JPMorgan said it is in early talks with Saudi Arabian companies about international listings, meaning firms could join Saudi Aramco. This comes as the Saudi government plans to sell about 5 percent of Aramco of about $100 billion value, world’s largest IPO.
Chief executive of JPMorgan’s investment bank Daniel Pinto stated that Saudi companies wanting to grow and expand must have access to international capital markets which means a possibility of other Saudi international listings.
“Local companies have expressed interest to us. They are at a preliminary stage,” he said in an interview with Reuters.
This was the first time an influential banker has said Saudi firms other than Aramco could seek IPOs overseas. According to information, the IPO will be in Saudi and international markets such as New York, London, Hong Kong or Singapore which had shown interest. He explained that this might help increase the liquidity of these companies and make them attractive for international investors.
Official sources didn’t specify JPMorgan’s role in the Aramco deal but its name had been linked to the process recently.
International interest in Aramco’s IPO is on the rise and London Stock Exchange has made a “very strong case” for Aramco to list its shares in Britain.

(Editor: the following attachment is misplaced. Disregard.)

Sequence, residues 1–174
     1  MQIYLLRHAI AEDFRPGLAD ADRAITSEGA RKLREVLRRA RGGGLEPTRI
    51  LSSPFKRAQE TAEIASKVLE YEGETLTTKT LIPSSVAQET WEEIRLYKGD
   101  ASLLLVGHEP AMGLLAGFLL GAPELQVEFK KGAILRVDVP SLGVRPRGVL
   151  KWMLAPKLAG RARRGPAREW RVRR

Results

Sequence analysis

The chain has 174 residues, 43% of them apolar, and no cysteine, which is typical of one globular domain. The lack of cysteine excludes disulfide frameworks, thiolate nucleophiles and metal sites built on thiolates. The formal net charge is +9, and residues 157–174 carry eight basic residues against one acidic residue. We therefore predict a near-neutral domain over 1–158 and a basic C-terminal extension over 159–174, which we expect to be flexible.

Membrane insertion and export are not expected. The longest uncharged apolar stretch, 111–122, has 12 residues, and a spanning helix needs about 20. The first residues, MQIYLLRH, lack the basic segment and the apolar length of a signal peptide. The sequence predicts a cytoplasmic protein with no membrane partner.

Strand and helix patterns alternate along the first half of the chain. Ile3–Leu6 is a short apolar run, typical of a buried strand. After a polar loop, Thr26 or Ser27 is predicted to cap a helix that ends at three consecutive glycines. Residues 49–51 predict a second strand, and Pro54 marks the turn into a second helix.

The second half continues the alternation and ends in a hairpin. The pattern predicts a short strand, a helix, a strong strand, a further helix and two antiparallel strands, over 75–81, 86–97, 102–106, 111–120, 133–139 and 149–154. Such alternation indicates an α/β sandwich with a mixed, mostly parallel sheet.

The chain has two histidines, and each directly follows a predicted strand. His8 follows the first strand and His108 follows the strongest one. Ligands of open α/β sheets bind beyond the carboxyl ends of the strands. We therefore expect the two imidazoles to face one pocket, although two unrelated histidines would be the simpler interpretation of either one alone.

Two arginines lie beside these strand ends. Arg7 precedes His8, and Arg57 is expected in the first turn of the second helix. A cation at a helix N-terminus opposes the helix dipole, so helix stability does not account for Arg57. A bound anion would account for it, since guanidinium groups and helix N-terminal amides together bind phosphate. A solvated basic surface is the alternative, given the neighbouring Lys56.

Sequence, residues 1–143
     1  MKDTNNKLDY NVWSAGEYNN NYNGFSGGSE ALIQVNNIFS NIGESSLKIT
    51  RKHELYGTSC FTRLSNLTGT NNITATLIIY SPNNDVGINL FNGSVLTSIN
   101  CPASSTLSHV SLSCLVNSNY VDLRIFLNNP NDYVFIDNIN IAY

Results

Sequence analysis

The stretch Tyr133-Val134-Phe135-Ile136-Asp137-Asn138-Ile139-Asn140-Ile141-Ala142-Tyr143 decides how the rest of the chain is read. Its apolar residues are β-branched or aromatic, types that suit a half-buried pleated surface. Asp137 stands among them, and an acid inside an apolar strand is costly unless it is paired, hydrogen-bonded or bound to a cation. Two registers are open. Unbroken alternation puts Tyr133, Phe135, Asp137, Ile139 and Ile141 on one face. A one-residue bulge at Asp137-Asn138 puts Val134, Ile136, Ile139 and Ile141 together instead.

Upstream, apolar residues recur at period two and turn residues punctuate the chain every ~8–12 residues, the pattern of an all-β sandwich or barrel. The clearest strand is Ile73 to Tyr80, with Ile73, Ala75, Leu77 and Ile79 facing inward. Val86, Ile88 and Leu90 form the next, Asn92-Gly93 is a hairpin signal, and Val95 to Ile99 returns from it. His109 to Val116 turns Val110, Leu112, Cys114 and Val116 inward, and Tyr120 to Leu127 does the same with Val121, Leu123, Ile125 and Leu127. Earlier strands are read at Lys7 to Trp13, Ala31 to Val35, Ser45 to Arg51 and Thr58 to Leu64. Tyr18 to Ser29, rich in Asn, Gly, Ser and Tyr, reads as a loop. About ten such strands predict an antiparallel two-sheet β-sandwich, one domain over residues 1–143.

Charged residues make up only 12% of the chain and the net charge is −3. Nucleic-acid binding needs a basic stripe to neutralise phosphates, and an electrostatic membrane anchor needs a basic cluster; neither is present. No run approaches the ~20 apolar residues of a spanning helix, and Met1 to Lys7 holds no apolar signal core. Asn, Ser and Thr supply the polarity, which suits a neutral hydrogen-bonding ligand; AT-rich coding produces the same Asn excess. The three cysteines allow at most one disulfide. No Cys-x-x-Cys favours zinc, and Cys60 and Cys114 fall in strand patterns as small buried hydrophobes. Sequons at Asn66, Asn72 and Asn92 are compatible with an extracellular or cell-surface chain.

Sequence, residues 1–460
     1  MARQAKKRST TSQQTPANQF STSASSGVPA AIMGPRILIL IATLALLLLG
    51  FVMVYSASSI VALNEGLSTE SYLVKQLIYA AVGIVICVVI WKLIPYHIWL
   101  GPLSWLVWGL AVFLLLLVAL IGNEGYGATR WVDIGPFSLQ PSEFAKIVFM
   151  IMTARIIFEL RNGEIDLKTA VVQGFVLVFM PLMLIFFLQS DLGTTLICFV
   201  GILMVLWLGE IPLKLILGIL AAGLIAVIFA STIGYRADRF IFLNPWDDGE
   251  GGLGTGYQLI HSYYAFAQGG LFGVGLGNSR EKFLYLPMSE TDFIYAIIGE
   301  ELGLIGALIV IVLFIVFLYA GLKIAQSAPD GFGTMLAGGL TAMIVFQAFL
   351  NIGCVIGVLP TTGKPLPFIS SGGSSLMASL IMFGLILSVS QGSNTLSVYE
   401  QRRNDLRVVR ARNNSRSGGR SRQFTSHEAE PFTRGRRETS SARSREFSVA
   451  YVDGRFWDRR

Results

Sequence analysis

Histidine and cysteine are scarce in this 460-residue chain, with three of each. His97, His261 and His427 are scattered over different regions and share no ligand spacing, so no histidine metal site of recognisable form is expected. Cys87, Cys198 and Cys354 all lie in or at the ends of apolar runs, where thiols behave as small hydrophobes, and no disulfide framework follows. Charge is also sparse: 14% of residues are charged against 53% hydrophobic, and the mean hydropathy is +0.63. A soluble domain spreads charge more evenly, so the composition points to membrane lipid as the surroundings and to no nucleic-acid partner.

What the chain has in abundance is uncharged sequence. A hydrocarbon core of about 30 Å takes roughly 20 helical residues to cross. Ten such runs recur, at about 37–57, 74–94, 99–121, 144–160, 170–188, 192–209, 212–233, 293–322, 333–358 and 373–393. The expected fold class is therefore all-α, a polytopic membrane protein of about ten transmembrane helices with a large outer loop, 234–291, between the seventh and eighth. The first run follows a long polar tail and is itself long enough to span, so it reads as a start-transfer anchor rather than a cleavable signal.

Hours after President Donald Trump urged the king of Saudi Arabia to list in New York, spokesperson of Prime Minister Theresa May announced that London Stock Exchange is interested in Aramco.
“Obviously there are lots of big stock exchanges which have an interest in Aramco including the London Stock Exchange which we believe has made a very strong case for it being based here,” he told reporters.
When asked about Saudi Arabia’s economy in general, Pinto stated that the Kingdom is going through a massive transformation as they diversify their economy, and investors have reacted positively to this news.
He revealed that JPMorgan was considering raising its Saudi employees by 30 percent in Saudi Arabia over the next two to three years from 70 now, as business opportunities expand.
Pinto also stated that JPMorgan is currently discussing with other Gulf countries and other companies are also considering international listing.
“When you have this type of momentum, people will see the benefit of having a stock that is very liquid. Other companies in the region will probably follow,” Pinto added.
Earlier, Oman said it planned to offer shares in some state-owned energy companies to the public. Analysts and bankers have said Kuwait may also consider plans to list energy assets.
“The need to issue will still exist but be smaller next year because of higher oil prices and lower deficits and simply because so much refinancing was done this year,” Pinto said.
Dollar-denominated bond issuance from the Gulf reached about $80 billion so far this year, the highest number recorded in all of 2016, according to Thomson Reuters data.